"PINKIE! Ahm sorry ta interrupt, but the sun is setting an' ah need my ICE CREAM NOOOWWW!"
"Here ya go." It was a double scoop triple fudge with little candy stars and a smile face drawn in bright pink frosting with a cherry on top that also had a little smile face painted on it in chocolate.
"How.... wha..." There was no explaining it. Apple Bloom hadn't seen Pinkie make the cone, but she must have. "T-Thank you.... thank you for the ice cream!"
"Remember to smile while you eat it! Doldrums can't stand a smiling ice-cream eater, it's their most un-favoritest thing EVER!" The pink pony grinned and blinked at Apple Bloom.
Apple Bloom carefully carried her cone back to the table where her friends sat. With some effort she managed to get seated, and got the cone safely held between her fetlocks where she could relax and enjoy it. She took a tentative lick.
Rich chocolate filled her mouth, sweet yet with that little bitter edge that nips at the tongue like a playful puppy. Somber tones, like chocolate trumpets sounded in her mouth when she pressed her tongue against her palate, squeezing the flavor deep into it.
"Remember to smile!" Pinky winked at her and trotted back into the kitchen. Oh yeah, remembered Apple Bloom. Doldrums can't stand a smiling ice cream eater.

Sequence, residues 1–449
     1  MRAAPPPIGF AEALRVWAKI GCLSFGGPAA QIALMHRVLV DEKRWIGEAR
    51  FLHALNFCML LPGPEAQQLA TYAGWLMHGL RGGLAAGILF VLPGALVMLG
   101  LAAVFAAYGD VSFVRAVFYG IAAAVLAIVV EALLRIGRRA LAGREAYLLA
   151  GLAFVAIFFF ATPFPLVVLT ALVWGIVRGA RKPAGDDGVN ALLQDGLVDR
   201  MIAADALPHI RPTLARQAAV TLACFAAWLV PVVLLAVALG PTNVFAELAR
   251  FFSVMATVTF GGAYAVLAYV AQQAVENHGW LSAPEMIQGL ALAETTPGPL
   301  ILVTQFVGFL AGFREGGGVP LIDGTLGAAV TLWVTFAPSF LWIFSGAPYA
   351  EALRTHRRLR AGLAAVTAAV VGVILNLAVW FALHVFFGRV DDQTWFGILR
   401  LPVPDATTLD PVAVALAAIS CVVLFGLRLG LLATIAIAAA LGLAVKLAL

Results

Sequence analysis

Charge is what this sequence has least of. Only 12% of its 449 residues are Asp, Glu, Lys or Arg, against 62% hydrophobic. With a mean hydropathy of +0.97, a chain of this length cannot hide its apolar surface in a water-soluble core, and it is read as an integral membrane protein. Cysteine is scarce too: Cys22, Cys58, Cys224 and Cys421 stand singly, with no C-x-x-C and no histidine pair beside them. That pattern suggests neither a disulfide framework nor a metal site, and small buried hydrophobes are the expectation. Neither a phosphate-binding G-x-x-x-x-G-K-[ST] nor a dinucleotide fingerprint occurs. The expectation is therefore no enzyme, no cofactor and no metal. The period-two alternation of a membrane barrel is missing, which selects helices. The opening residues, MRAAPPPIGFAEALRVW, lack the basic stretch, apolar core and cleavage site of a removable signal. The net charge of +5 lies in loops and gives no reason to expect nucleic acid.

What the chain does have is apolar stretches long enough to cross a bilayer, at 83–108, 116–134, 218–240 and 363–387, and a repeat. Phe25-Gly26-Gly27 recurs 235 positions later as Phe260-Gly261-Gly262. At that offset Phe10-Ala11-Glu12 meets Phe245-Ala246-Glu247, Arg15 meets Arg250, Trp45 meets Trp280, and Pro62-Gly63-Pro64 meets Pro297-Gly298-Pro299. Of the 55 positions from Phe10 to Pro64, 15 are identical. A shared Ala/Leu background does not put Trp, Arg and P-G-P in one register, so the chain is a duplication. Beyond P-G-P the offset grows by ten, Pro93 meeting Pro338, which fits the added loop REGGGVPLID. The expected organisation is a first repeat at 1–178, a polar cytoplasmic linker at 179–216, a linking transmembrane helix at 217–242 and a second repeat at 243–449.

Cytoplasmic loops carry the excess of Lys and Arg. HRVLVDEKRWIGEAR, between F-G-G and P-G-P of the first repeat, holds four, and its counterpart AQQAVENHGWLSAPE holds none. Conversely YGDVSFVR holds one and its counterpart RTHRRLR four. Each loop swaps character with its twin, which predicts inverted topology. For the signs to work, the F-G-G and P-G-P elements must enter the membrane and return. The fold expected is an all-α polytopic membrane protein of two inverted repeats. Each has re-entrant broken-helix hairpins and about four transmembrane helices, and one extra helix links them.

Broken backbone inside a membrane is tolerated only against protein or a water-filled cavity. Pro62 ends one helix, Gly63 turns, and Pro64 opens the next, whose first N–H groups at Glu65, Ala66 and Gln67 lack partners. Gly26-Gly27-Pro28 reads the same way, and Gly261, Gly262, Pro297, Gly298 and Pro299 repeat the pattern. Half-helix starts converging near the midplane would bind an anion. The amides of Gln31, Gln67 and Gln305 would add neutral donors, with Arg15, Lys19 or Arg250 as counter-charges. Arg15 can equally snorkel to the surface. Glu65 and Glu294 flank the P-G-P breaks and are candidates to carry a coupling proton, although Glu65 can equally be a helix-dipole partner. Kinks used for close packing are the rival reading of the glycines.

More licks turned into nibbles as double scoop triple fudge worked its powerful summertime magic. For once the crusaders had nothing to say, their mouths filled with the treasure of a perfect moment, their smiles wide, their eyes half closed from the sweet joy that seemed to fill the world.
This was summer. Finally, this was summer in all its glory, all the beauty of life on their tongues, cold wonder sliding down their throats, the red sunset charming the world in a secret blush of innocent love. This was what they had needed, this was the perfect end to a magic day.
However short, or lonely, or busy or empty the day, all of summer could be rescued with this simple magic. They had made it, before sundown, and they had managed to do it together, the ritual of summer. The great rite of childhood, that was open to anypony however old they might be. The binding magic that cleansed the world of doldrums, evaporated sadness, shone light into the dark corner of loneliness.
All it took to do the greatest summer magic was a friend, a moment, and of course the special and wondrous sacrament.
The simple, pure miracle that was ice cream at the end of a hot summer day.